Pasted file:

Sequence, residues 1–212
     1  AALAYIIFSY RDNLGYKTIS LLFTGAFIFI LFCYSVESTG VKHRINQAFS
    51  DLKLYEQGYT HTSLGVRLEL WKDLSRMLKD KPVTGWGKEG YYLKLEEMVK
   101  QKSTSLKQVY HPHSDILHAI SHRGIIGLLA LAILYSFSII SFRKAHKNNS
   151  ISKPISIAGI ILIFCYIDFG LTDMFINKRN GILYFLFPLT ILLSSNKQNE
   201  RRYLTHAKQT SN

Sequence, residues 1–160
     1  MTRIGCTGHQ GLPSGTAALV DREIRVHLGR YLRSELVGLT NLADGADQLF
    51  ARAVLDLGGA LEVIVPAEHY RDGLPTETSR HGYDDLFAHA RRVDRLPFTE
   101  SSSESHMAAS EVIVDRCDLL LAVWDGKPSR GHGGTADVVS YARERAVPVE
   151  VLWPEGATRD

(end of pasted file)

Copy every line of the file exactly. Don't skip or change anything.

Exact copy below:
Sequence, residues 1–212
     1  AALAYIIFSY RDNLGYKTIS LLFTGAFIFI LFCYSVESTG VKHRINQAFS
    51  DLKLYEQGYT HTSLGVRLEL WKDLSRMLKD KPVTGWGKEG YYLKLEEMVK
   101  QKSTSLKQVY HPHSDILHAI SHRGIIGLLA LAILYSFSII SFRKAHKNNS
   151  ISKPISIAGI ILIFCYIDFG LTDMFINKRN GILYFLFPLT ILLSSNKQNE
   201  RRYLTHAKQT SN

Sequence, residues 1–160
     1  MTRIGCTGHQ GLPSGTAALV DREIRVHLGR YLRSELVGLT NLADGADQLF
    51  ARAVLDLGGA LEVIVPAEHY RDGLPTETSR HGYDDLFAHA RRVDRLPFTE
   101  SSSESHMAAS EVIVDRCDLL LAVWDGKPSR GHGGTADVVS YARERAVPVE
   151  VLWPEGATRD